Making your pitch: the counter-intuitive evidence behind what works

Anthony Haynes writes: Outside my work for FJ Wilson Talent Services (FJWTS), I occasionally work with researchers from Cambridge Judge Business School. Some of the research that I encounter there has direct application to the world of work.

portraitAn example is the research of Dr Melanie Milovac, now Assistant Professor at INSEAD. Melanie’s research involves rigorous controlled experiments in psychology.

A particular focus of her studies is the question of what makes a good pitch — something many of our candidates and clients have a vested interest in!

Melanie has focused particularly on the pitches made by entrepreneurs in search of funding — though we suggest that her findings may have relevance to many other forms of pitches.

She notes that people making pitches are typically advised to be strike a positive tone throughout, based on the belief that “creative ideas that are pitched in a positive affective tone will lead to favorable evaluations and high idea support compared to those pitched with a negative affective tone”.

But Melanie found a lack of evidence to support this view — so she designed various experiments of her own to test the hypothesis.

Her results are consistently counter-intuitive. She found that people who introduce into their pitch a negative tone are more likely to win support from people judging the pitch.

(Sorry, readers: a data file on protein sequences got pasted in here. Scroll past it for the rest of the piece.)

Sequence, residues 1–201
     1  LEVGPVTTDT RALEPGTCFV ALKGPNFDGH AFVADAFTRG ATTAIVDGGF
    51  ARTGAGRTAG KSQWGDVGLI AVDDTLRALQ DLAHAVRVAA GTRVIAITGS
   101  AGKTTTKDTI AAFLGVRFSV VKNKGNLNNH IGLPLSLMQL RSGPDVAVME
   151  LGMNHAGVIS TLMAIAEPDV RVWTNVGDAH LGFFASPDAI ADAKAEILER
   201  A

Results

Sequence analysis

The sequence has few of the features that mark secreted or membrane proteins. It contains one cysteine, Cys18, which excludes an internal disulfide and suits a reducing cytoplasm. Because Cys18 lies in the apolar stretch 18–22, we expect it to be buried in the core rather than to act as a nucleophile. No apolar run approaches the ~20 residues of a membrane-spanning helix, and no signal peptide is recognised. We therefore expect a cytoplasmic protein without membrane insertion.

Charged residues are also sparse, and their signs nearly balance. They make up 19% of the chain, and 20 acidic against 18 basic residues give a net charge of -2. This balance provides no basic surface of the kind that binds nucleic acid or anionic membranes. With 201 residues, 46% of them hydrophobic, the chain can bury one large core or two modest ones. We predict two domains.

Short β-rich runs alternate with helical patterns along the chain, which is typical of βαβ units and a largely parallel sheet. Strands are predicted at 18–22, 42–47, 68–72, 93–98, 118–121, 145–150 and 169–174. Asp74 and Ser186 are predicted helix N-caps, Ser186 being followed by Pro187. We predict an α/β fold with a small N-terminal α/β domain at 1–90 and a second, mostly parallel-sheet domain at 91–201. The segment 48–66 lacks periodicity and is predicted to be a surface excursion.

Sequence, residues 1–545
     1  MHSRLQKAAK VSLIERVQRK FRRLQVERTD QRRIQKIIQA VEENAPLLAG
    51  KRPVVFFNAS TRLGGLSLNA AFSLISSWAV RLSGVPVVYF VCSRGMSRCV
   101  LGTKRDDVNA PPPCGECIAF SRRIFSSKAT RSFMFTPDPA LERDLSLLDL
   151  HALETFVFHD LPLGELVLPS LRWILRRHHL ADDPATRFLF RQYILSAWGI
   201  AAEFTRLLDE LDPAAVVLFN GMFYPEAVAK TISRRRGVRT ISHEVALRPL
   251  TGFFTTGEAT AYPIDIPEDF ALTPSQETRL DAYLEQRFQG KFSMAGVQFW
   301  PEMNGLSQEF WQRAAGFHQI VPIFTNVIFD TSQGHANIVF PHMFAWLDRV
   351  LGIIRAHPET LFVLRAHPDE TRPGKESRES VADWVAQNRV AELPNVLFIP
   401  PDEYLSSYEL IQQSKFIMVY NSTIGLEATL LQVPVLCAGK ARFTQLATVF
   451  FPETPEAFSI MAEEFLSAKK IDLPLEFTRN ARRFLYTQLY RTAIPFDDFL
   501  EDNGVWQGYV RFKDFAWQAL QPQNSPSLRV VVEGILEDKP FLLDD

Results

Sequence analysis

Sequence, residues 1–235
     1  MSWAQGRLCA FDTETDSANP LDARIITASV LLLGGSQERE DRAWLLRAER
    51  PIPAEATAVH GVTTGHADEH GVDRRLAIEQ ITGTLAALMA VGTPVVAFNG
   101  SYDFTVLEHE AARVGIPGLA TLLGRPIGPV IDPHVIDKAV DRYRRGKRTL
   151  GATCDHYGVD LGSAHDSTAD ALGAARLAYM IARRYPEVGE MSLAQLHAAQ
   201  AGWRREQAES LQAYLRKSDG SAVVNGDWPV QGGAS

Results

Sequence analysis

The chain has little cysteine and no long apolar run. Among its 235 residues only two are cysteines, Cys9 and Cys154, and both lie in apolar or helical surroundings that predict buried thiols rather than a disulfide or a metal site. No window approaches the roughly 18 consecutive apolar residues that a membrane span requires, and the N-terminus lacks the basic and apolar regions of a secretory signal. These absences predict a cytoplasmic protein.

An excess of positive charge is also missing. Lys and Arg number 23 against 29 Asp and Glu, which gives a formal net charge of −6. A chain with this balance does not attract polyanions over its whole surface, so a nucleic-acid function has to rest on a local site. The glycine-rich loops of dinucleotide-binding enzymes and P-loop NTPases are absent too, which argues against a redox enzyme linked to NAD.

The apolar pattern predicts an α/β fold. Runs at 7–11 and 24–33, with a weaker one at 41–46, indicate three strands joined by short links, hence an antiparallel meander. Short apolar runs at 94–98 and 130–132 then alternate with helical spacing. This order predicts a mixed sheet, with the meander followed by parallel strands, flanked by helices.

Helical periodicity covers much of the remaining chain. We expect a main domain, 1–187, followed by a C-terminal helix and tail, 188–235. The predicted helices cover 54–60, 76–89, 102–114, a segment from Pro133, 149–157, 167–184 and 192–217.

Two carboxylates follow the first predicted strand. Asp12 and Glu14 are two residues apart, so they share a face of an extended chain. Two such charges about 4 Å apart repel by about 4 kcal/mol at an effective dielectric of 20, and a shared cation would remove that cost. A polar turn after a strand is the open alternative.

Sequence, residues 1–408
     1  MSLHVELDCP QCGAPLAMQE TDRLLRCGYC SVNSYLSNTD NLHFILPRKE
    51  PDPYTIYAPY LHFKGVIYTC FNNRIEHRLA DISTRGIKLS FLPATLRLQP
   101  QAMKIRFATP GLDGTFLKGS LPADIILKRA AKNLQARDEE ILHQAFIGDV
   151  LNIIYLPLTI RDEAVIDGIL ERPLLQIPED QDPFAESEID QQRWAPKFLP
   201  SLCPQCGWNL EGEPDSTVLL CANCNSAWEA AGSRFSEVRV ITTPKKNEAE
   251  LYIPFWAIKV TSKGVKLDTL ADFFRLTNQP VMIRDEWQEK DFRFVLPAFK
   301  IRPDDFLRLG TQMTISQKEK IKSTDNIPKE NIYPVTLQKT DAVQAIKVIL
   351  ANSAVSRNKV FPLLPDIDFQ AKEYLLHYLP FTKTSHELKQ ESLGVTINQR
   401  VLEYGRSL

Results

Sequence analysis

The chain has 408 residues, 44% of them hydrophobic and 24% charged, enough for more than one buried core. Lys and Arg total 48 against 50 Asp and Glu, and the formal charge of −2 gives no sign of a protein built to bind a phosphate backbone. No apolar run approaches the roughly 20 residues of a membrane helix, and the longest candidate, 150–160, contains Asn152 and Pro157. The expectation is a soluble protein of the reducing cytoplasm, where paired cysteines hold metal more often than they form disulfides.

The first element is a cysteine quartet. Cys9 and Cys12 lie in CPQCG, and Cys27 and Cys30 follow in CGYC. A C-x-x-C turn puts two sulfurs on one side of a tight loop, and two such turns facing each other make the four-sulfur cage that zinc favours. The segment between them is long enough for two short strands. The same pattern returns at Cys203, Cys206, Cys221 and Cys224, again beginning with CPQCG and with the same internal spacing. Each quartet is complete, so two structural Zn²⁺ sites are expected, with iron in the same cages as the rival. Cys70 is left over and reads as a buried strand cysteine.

We may speculate over why this may be the case. Perhaps one explanation is that listeners associate a degree of negativity with risk awareness.  For example: “Yes, we’ve got a great product, we’re ahead of the game, and the market potential is huge — but first there are some obstacles we will need to overcome“: the account of the obstacles might then suggest to those assessing the pitch that the pitcher has thought carefully about the project, has a realistic view of the world, and is aware that life isn’t plain sailing.

Whatever the precise explanation, the main finding is clear: “Overall, entrepreneurs that signal competency, dedication, and scrutinized thinking by displaying negative affect are more likely to turn their creative idea into a major innovation“.

I’ve explored this idea with people working in a variety of contexts, including people pitching for resources within a corporation and those applying for external funding. I haven’t conducted any of the kind of rigorous research that Melanie Milovac has done, but I can report my impressionistic findings:

  1. people always find the idea — inclusion of negative can improve the efficacy of the pitch — initially counter-intuitive
  2. but it usually also intrigues them
  3. and when I urge them to try including such material, they typically generate interesting content
  4. and, having done so, they tend to find they like it — and so retain it in their pitches.

A journal paper by Melanie Milovac is forthcoming: in the meantime, she has made a conference paper available online here: .


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